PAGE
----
The key to combatting loneliness is to do what Drs. John and Stephanie Cacioppo, psychologists at the University of Chicago, suggest based on their loneliness research. They tell us to retrain the brain using a technique called social cognitive retraining. They developed an acronym to help us learn how to do this. It is called EASE:

Extend Yourself: You are lonely and don’t feel like pushing yourself to go out but do it anyway. Invited to that party? Accept the invitation and go! Asked to participate in the food drive, do it. No matter how negative you feel about actually putting yourself out there, do it!

Action Plan: Develop one rather than sit there and feel bad about being lonely. If people are not coming to you, go to them. But you need a plan of action.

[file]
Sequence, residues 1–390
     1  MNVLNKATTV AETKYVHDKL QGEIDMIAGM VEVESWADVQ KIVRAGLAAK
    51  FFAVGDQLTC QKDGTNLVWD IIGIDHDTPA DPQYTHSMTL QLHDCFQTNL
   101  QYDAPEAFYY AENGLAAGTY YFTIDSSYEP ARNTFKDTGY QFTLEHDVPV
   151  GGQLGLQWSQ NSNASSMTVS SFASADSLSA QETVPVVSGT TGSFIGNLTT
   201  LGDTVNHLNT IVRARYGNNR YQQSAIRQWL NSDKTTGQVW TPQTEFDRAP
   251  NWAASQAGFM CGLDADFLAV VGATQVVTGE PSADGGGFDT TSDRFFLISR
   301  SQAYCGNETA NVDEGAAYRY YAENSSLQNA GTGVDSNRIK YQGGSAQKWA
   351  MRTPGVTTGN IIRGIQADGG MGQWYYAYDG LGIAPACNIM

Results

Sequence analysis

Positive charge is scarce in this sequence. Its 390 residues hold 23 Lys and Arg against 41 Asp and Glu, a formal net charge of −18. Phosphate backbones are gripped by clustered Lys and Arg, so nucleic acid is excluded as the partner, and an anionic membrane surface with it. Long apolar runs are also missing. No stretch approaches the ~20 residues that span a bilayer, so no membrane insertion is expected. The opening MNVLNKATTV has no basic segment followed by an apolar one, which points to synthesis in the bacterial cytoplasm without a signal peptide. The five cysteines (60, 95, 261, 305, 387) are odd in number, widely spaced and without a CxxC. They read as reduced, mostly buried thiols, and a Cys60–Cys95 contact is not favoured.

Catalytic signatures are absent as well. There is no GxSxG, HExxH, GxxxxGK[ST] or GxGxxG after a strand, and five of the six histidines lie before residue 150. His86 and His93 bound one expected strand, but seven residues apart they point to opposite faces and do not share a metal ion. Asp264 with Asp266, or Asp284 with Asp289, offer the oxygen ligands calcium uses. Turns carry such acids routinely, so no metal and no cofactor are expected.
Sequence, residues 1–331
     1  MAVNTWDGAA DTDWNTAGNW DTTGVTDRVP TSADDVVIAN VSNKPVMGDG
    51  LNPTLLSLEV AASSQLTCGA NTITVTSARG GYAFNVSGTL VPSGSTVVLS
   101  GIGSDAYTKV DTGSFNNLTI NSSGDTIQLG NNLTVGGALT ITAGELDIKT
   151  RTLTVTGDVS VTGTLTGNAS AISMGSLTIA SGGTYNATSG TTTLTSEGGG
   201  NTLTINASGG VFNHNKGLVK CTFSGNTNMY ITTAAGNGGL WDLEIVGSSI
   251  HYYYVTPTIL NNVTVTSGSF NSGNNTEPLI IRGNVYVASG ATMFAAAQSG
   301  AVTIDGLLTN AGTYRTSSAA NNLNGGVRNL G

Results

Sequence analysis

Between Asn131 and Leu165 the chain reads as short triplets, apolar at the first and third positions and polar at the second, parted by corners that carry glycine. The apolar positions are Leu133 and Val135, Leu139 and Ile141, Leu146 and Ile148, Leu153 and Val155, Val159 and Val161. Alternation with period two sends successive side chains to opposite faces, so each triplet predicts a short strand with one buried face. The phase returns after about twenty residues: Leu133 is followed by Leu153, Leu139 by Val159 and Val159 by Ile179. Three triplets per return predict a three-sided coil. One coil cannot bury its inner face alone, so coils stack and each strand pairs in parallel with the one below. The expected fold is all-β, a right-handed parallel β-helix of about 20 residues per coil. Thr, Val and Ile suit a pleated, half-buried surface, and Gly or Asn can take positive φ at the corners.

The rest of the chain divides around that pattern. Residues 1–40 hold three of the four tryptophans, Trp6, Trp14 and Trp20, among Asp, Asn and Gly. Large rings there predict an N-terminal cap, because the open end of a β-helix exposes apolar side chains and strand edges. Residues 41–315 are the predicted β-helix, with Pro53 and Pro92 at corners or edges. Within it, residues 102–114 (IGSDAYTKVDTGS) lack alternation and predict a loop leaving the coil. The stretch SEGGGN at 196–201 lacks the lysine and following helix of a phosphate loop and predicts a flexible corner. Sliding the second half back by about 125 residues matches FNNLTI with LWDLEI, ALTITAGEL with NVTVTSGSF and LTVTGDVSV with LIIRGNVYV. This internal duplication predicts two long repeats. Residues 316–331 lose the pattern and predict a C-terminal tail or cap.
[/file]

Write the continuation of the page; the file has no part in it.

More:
Share good times: Your plan involves finding people with similar values, interests and beliefs to share with socially.For example, find a church group or hobby. If you like to cook, take cooking classes. Want to teach in your church, talk to leadership about a role you could play.

Expect the best: Change the negative thinking from, “I don’t know if they really want to be with me” to “I’m glad we had a chance to be together.” Make the glass half full vs. half empty. Stop looking for reasons why people may not want to be with you (this is your brain guarding you against perceived threats) and shift your thinking (retrain the brain) to positive expectations.

Changing your behavior and your thinking changes the feeling of loneliness. Sitting back, feeling sorry for yourself, canceling plans because you aren’t sure of self or others, will keep your feeling lonely. Retrain the brain by pushing yourself to engage and think positive. You can do this!